ADHD starts in the mouth

Whether preservatives and colourings cause or exacerbate hyperactive behaviours is an important question for many paediatricians and parents. A recent randomised placebo controlled trial in 297 children aged 3-9 years provides evidence of increased hyperactive behaviour after they ate a mixture of food colourings and a preservative (sodium benzoate).1 In contrast to many previous studies, the children were from the general population and did not have attention-deficit/hyperactivity disorder. The trial found an adverse effect of the mixture on behaviour as measured by a global hyperactivity aggregate score. The daily dose approximated that found in two 56 g bags of sweets.

What has been shown to be highly effective in some recent studies is high-nutrient eating, removal of processed foods, and supplementation with omega-3 fatty acids.1 The difference between my approach and others is that it changes a poor diet into an excellent one, supplying an adequate amount of thousands of important nutrients that work synergistically as well as removing those noxious substances such as chemical additives, trans fat, saturated fats, and empty-calorie food that place a nutritional stress on our brain cells. I believe this comprehensive approach is more effective; the scientific literature suggests this, and I have observed this in my practice with hundreds of ADHD children who have see me as patients.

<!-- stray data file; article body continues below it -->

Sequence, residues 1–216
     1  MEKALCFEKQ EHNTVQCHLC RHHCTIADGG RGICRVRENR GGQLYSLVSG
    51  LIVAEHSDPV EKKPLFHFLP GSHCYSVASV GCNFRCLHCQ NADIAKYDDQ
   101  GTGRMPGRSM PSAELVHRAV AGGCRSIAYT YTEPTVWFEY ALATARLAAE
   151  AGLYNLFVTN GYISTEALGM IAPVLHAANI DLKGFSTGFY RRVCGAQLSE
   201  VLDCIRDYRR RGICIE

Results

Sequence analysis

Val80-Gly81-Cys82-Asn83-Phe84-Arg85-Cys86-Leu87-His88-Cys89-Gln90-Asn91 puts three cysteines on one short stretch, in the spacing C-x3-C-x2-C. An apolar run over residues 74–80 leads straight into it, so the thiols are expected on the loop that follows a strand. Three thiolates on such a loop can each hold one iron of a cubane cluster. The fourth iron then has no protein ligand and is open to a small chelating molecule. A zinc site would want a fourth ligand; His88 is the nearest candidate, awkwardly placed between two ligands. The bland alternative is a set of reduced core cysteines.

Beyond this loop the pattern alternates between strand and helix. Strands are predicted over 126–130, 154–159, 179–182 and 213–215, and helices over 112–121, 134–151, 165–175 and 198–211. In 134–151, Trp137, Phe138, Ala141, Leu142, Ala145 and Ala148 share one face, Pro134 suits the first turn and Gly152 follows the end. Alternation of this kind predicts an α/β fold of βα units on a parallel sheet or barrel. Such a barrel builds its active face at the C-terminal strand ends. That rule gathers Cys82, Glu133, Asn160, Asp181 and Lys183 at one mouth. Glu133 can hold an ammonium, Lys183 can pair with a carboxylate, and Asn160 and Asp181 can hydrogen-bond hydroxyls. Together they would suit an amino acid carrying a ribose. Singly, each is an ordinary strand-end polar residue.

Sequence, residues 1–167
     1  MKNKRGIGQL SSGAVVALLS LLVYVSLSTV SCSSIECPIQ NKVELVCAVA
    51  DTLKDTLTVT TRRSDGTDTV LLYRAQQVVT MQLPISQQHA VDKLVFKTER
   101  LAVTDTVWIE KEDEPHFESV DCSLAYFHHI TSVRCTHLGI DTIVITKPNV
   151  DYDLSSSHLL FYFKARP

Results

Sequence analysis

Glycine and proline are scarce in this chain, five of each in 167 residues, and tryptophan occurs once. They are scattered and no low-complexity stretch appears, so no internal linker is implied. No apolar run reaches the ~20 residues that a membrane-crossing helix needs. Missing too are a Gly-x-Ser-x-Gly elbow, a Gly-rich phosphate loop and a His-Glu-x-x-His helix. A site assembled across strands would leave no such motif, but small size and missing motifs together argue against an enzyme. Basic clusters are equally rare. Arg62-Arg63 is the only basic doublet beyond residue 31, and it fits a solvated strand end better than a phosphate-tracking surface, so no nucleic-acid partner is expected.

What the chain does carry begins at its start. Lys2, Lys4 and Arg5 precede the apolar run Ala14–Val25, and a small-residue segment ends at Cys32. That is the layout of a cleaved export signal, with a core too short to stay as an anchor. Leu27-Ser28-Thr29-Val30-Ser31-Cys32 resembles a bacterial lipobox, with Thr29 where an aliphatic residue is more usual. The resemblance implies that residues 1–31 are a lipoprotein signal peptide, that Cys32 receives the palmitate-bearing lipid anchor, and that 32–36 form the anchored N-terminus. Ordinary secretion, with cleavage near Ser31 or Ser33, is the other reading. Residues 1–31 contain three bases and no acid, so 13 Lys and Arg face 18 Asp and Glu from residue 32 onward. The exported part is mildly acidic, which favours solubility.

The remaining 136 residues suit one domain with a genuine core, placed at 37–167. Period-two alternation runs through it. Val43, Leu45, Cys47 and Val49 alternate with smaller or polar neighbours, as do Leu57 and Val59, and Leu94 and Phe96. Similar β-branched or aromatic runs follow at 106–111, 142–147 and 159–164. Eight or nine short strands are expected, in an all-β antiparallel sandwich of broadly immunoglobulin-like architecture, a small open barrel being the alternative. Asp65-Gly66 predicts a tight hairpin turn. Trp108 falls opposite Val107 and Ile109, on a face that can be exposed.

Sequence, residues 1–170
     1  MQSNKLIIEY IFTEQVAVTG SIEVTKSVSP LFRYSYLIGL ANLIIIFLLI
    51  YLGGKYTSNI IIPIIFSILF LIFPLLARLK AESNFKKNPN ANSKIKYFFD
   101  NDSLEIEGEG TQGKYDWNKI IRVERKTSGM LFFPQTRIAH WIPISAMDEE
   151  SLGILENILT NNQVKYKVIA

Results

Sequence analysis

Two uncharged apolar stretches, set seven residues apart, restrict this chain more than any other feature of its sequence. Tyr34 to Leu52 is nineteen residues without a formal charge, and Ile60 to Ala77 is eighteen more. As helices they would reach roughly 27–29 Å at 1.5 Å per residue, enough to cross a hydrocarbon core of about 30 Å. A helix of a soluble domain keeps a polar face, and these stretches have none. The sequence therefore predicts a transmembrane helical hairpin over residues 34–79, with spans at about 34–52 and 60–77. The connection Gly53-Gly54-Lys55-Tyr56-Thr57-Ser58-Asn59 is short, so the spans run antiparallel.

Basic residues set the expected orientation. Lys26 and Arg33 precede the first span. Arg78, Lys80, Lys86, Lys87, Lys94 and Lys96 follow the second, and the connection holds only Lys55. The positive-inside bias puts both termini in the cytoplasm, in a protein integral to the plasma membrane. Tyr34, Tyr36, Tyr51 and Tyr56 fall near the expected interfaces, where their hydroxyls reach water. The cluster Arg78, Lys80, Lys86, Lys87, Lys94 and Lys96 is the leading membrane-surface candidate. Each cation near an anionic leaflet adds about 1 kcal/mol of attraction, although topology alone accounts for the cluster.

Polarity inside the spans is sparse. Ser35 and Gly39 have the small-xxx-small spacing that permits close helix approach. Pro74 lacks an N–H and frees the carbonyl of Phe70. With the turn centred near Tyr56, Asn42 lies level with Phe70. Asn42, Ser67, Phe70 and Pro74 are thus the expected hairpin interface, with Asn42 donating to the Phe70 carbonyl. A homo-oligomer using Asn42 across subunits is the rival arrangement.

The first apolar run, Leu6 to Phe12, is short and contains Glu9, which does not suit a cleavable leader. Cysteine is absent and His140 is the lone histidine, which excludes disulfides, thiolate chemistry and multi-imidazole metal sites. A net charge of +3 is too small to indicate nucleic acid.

Share this with your friends